“The Ballad of Buster Scruggs” and the nature of Death

The mythical age of the cowboy for the most part never existed, or at least didn’t exist in the common understanding. It was a far Blacker (in a literal sense since many cow folk were Black) and it was a far less chaotic affair, not to say peaceful by any means but if the movie Western were to be taken as fact, the “Wild West” as the name would imply was a land of death and suffering.

The facts of the age don’t meet such a conclusion. Most towns had more than a single mortality per year. But the legends of the “West’ being a lawless land of renegades and outlaws is forever implanted in the public consciousness of America.

The film anthology, The Ballad of Buster Scruggs, doesn’t engage with those facts however, it instead takes from the myths of the outlaws and ties them together with a bow under the umbrella that transcends culture.


The various stories are overwhelmingly filled with death. But even so, each has its commentary on the myriad aspects of death. Some see it as a chaotic, random, messy sort of affair. Others show it as an offputting but welcoming friend in the darkness. But one thing they all share is death comes.

Buster Scruggs and the value of “death”

The Ballad of Buster Scruggs

Heroes are a weird concept in the Western canon. The audience whether literary, cinematic, video game, or however else media can be consumed is often given actions by the protagonist that could be read as villainous. It has been remarked that in films as of late people need to be explicitly told that a character’s actions are bad and must in the universe be condemned lest people take away the wrong messages from a story.

Buster Scruggs reads as a traditional old-school western in the sense that Buster is at all points in control of the plot until his demise. More so even because he’s able to speak directly to the viewing audience.

Buster is a mass murderer and a serial killer. This is not a moral judgment but a summation of his actions in the story. Buster kills a bar full of men. Kills a man after a game of poker, kills his brother, and then is killed in turn.

Blood is cheap in his vignette, he kills and is subsequently killed. When he trades his “spurs for wings”. It’s treated with much more weight to the audience. But meaningfully, his death had little to no importance on the world at large. He kills man after man, not for justice, not for bounty, but after antagonizing them and baiting them into attacking him. What does it say? Is he immoral? Is death?

Death follows Buster through his actions. In another genre, his ambivalence to murder would have him labeled a psychopath. In this film, he meets a cowboy in black and dies from overconfidence. But notably, he isn’t sent to hell for his crimes. He is instead shown ascending to the heavens. So is death redemption in his case? He was acting in self-defense, even after goading his attackers. So he is shown as a sort of innocent murderer.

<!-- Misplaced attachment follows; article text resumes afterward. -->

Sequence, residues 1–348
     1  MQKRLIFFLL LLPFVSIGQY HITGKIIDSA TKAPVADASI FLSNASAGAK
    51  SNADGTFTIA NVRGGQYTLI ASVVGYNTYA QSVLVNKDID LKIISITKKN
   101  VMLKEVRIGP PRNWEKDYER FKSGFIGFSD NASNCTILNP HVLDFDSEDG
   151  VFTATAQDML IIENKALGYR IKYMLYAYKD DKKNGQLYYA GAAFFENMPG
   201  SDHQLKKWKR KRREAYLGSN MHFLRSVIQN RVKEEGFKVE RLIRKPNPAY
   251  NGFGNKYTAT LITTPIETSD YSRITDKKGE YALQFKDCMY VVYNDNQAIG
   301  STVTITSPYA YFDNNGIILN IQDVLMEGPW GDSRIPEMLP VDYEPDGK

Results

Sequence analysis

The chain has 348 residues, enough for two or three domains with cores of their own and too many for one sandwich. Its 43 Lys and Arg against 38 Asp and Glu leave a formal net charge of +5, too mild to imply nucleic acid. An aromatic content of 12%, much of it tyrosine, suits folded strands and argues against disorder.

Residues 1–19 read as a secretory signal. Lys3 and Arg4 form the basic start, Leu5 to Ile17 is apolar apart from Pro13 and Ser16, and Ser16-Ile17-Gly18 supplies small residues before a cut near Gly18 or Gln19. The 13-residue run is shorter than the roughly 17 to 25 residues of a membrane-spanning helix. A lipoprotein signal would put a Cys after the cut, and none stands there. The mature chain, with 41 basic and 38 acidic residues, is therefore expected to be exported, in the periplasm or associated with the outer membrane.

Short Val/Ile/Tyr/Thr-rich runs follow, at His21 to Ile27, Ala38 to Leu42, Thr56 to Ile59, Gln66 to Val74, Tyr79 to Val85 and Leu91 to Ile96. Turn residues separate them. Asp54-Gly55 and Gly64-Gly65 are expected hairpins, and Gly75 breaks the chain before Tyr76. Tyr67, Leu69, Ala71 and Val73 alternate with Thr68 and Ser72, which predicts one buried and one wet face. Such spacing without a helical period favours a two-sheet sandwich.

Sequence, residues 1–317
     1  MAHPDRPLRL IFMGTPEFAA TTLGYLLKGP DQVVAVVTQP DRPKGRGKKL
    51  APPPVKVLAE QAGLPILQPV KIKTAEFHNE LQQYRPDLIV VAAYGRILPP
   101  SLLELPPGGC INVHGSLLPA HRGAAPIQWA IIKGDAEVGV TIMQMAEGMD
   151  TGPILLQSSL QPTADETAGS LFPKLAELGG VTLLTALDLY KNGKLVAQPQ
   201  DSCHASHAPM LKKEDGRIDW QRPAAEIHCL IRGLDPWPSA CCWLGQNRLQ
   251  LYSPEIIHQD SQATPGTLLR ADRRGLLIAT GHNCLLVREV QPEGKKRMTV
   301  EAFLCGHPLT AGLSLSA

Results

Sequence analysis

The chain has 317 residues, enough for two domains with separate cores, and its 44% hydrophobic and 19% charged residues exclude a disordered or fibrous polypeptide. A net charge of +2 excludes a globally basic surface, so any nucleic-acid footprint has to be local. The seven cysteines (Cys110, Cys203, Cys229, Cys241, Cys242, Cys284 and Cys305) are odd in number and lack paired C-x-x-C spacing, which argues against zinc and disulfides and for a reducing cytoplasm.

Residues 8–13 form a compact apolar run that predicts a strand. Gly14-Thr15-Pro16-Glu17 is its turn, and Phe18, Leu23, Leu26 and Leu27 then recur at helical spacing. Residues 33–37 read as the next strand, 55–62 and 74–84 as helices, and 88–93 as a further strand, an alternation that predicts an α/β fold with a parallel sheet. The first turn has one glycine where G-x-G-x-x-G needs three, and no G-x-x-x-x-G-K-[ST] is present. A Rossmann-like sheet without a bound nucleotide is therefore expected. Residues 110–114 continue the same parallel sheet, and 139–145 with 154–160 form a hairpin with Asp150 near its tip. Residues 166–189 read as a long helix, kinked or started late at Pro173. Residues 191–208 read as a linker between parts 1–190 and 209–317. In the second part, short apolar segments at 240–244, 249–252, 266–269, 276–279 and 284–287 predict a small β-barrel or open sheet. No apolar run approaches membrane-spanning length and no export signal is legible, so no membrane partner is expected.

Death served not as a punishment but as a sort of award.

Near Algondones and the meaningless of death

The Ballad of Buster Scruggs

Near Algodones is a short vignette about a robber who intends to run a heist on a bank only to quickly be caught tried and sentenced to hanging but he’s never hung he is instead captured by some natives thus escaping death except he doesn’t escape death because he is then quickly tried and convicted of a crime he didn’t commit and hung and that’s an interesting story to think about with regards to death.

At no point during the story was our protagonist played by James Franco in control of his fate from the moment he committed his crime he was dead but what means it can be extracted from that don’t do bad things we don’t learn why he was robbing that bank, but the audience can make assumptions from the context of being in the lawless West. That leads to questioning what meaning can be ascribed there. Is the irony that he is innocent of a crime he didn’t commit but he’s still guilty of a crime he did? Is the irony that in his death the people who tried him and convicted him didn’t care and they didn’t know.

Meal Ticket and the measure of life and death

The Ballad of Buster Scruggs

Meal Ticket is a curious story of a disabled youth and his caretaker only titled the Impresario. Together the pair goes from town to town where Harrison recites poetry and stories and Shakespeare while the Impresario collects the money and they have a nice thing going but they aren’t killing it. We get to see that the Impresario quite clearly isn’t very happy with the man that he is taking care of.

As the story progresses, he learns of a chicken who can do tricks. He sees it as a new meal ticket but this chicken is trained and doesn’t know any sort of mathematics. It’s too late though and even if it wasn’t it doesn’t matter to the Impresario. He sees a new meal ticket and quickly disposes of his burdensome Harrison.